High Five
  • High Five

In my posts about this year’s Chicago International Film Festival, I failed to mention the Uruguayan drug comedy High Five, which played two Fridays ago at 4:20 PM. It was one of the more memorable screenings I attended at the fest, and not just because the young man sitting behind me wiggled his bare feet on the armrest next to mine for most of the show. As I’ve noted elsewhere, contemporary Uruguayan cinema excels in depictions of simple pleasures and routine drudgery, so it seems inevitable that a Uruguayan movie about getting high would take place on a sunny workday afternoon. That the festival screened it on a pleasant (if not quite sunny) workday afternoon was a masterstroke. Even those spectators who hadn’t cut class or slipped away from their jobs to attend must have appreciated the gesture.

Clearly Manuel Facal, who wrote and directed this bad-taste divertissement, has studied the recent work of Seth Rogen and Jonah Hill. The film’s Jenga tower of narrative complications is as impressive a construction as that of Pineapple Express or Superbad, and the drug-fueled slapstick is as spirited as that of 21 Jump Street. Yet High Five still feels Uruguayan in its determinedly low-stakes farce. The setup finds a Jonah Hill-like slacker in his early 20s discovering a huge stash of drugs at the local park. This inspires him to conduct a “social experiment” in which five friends consume a different controlled substance over the course of an afternoon so that the group can compare their highs. With only two friends in town he recruits his high school-aged brother and the kid’s girlfriend to take part, even though this means sneaking them out of school. Inevitably things go wrong, but not to any serious consequence. The heroes might talk about how they need to stop fucking around and start growing up, but since these characters are all around 23, one senses that they still have plenty of time to do this.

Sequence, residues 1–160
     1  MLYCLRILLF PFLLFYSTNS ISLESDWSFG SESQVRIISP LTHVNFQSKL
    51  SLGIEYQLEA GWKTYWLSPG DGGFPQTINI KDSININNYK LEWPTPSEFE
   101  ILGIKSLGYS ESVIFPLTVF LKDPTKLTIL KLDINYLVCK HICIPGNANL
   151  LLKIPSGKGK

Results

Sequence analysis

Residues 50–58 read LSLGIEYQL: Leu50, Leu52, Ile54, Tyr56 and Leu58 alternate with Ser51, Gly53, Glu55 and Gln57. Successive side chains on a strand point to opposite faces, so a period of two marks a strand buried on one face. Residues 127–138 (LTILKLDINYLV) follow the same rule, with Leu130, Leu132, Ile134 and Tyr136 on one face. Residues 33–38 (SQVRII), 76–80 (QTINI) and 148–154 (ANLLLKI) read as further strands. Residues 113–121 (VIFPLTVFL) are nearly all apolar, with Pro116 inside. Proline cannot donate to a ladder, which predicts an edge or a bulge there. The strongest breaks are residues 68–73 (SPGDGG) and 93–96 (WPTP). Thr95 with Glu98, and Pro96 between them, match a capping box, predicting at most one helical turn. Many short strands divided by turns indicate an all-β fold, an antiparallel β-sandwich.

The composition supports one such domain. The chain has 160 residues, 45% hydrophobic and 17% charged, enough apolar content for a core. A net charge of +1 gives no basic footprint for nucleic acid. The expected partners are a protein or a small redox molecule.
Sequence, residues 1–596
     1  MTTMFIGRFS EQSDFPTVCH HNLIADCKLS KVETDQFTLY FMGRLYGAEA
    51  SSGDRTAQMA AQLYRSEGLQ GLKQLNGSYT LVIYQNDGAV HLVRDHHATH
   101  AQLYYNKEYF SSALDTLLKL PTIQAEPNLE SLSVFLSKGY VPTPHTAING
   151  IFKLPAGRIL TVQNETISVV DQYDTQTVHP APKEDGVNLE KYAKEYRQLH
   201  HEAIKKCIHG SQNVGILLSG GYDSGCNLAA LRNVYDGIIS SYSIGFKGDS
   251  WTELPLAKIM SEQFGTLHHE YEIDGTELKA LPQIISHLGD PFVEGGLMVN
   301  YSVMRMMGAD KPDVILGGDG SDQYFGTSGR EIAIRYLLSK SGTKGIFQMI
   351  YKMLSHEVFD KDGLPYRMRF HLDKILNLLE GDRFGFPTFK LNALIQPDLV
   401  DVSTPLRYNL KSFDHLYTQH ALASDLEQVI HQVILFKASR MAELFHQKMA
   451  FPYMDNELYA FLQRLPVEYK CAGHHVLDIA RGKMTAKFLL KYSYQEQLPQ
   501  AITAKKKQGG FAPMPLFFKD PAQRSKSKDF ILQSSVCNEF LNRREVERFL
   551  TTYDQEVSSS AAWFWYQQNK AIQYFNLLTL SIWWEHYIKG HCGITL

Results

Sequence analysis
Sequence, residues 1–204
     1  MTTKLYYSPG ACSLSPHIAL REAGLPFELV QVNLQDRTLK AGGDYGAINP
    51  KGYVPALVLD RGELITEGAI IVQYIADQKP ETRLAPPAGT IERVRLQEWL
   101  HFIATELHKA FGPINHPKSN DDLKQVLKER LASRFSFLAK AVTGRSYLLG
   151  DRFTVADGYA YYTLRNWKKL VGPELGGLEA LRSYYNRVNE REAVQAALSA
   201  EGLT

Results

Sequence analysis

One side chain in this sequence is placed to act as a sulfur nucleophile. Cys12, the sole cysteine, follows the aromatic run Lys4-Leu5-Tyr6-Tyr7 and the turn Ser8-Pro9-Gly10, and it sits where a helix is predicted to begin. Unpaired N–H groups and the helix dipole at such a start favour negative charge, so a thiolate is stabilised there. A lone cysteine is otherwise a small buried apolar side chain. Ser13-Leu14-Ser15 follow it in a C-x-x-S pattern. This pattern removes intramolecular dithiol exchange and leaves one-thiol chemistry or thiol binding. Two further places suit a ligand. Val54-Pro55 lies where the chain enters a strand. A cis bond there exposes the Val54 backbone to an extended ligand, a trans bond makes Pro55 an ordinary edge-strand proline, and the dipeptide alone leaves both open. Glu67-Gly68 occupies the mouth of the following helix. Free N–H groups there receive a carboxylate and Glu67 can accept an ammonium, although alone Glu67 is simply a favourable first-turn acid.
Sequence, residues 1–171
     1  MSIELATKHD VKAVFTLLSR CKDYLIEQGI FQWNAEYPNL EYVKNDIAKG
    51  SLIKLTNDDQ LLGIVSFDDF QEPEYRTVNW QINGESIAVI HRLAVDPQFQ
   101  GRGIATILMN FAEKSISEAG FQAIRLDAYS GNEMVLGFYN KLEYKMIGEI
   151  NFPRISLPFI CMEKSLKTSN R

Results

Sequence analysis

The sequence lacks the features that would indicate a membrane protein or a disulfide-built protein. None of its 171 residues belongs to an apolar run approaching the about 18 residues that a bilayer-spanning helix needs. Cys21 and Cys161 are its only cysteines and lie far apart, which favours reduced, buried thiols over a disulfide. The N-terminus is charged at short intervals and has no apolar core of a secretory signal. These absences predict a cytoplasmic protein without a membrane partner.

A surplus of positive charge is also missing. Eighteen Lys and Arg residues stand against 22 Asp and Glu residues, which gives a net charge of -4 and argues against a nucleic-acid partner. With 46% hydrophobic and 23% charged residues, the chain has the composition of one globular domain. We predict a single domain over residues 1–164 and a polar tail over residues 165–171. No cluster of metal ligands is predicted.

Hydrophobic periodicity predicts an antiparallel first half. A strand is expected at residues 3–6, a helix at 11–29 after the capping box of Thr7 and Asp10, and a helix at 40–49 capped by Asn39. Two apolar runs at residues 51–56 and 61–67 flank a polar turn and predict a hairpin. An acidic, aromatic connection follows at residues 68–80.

There are little reminders throughout of the working world these characters are trying to avoid, though Facal never takes a contemptuous view of working people. In the movie’s best running gag, the characters find themselves getting picked up over and over by the same taxi driver. This aging hack is neither a put-upon straight man nor a drug-induced hallucination—he’s a regular guy who comes to enjoy the situation because it makes his workday a little more interesting. (In a pleasant turn of events, the taxi driver ends up winning the lottery.) As the lights came up and the viewers started putting on their jackets (and in some cases, their socks and shoes), I felt a similar sense of levity. The feeling wasn’t anything so grand that it made me forget about the responsibilities waiting for me at home, but then, I don’t think I was supposed to. As agreeably underachieving as its protagonists, High Five invited us to grin at how little it accomplished beyond getting us out of the house. I found this to be more than enough, after the dozen or so pieces of strained seriousness I’d seen at the festival before then.

Ben Sachs writes about moviegoing every Monday.